Candystripe, Cosmo Seeds
Botanical NameCosmo bipinnatus
Additional CharacteristicsAttracts Pollinators, Extended Blooms
Seeds Per Gram196
Seeds Per Pound89,000
Seeds Per Ounce5,563
SunFull Sun / Partial Shade
Growing ConditionsContainer Friendly
Sow MethodDirect Sow,Transplant
Days To Maturity (# Days)90
Seeds Per Acre14 lbs
Learning Download: How to Grow Cosmos
Cosmos can appear in single or double blooms and are easy to care for. The flowers can reach up to 4 feet high but other varieties only reach 1 foot high.
Before Planting: Cosmos grow best in soil that has not been amended, so do not amend the soil prior to planting.
Planting: Scatter the seeds around the planting area and cover lightly with soil, no more than 1/4 inch. Space the seeds 12 to 18 inches apart.
Watering: Water regularly.
Fertilizer: Since Cosmos thrive on poor soil, do not add fertilizer to the plants.
Days to Maturity: Cosmos are good cut flowers that are long lasting and will begin to bloom about 7 weeks after sprouting.
Harvesting: Instead of deadheading, Cosmos can be cut to be displayed indoors and this has the same effect as deadheading would in encouraging more growth on the plant. Harvest when petals on the first flower are just opening, but not yet flattened.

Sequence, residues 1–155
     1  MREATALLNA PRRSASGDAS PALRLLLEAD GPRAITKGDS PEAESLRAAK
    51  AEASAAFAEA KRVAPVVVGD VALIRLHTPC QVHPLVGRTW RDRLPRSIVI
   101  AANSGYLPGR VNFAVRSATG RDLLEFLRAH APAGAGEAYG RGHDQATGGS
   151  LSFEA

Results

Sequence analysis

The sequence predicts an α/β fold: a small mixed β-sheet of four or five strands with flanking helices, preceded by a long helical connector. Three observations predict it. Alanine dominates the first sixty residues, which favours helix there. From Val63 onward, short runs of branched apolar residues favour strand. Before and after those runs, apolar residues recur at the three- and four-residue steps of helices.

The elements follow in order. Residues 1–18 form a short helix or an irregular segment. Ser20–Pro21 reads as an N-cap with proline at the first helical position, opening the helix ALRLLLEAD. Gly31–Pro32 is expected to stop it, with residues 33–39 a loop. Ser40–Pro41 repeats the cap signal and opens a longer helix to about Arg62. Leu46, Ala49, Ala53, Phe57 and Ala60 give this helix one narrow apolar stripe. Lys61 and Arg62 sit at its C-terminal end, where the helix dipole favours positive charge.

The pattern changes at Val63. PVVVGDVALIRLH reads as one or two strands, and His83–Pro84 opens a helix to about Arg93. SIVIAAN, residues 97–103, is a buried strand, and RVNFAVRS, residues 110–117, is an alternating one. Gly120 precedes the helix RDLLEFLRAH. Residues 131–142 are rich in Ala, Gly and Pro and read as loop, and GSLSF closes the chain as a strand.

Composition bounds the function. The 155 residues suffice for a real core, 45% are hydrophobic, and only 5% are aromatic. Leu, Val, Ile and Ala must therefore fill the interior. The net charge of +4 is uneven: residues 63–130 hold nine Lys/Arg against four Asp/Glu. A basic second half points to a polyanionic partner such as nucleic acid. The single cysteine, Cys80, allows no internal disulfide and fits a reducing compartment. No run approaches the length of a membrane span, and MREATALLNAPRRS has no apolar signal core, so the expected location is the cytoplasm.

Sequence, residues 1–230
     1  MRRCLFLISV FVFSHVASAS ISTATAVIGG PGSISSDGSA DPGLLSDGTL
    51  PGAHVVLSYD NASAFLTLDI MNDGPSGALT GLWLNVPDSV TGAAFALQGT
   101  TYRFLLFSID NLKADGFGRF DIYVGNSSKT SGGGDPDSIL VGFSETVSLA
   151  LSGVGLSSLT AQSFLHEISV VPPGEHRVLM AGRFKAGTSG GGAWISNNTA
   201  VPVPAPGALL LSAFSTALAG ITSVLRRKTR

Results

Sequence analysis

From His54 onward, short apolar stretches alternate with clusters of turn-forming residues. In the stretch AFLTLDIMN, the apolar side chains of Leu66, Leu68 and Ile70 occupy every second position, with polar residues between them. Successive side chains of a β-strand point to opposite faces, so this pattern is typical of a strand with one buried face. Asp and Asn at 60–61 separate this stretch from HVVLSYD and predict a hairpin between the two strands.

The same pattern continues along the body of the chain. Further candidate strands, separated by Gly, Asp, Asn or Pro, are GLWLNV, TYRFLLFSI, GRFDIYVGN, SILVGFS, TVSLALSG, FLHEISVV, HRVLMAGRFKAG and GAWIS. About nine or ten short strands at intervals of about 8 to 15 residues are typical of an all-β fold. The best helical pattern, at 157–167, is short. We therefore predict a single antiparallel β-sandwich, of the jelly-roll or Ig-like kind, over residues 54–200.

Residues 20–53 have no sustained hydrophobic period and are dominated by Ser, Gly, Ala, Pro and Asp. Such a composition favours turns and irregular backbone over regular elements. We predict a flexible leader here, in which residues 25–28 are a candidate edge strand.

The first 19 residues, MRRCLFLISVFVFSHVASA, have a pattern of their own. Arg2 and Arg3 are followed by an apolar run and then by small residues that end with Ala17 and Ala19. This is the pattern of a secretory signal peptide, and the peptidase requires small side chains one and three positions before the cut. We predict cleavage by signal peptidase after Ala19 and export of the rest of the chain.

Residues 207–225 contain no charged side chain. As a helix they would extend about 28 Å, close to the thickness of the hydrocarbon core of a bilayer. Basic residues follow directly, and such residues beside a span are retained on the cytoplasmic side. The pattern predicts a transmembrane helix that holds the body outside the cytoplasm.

Tips: Cosmos do well when paired with cleome, dahlias and cannas.
Our Seed Promise
"Agriculture and seeds" provide the basis upon which our lives depend. We must protect this foundation as a safe and genetically stable source for future generations. For the benefit of all farmers, gardeners and consumers who want an alternative, we pledge that we do not knowingly buy or sell genetically engineered seeds or plants.
The mechanical transfer of genetic material outside of natural reproductive methods and between genera, families or kingdoms, poses great biological risks as well as economic, political, and cultural threats. We feel that genetically engineered varieties have been insufficiently tested prior to public release. More research and testing is necessary to further assess the potential risks of genetically engineered seeds. Further, we wish to support agricultural progress that leads to healthier soils, to genetically diverse agricultural ecosystems, and ultimately to healthy people and communities.
To learn more about the "Safe Seed Pledge" please visit www.councilforresponsiblegenetics.org.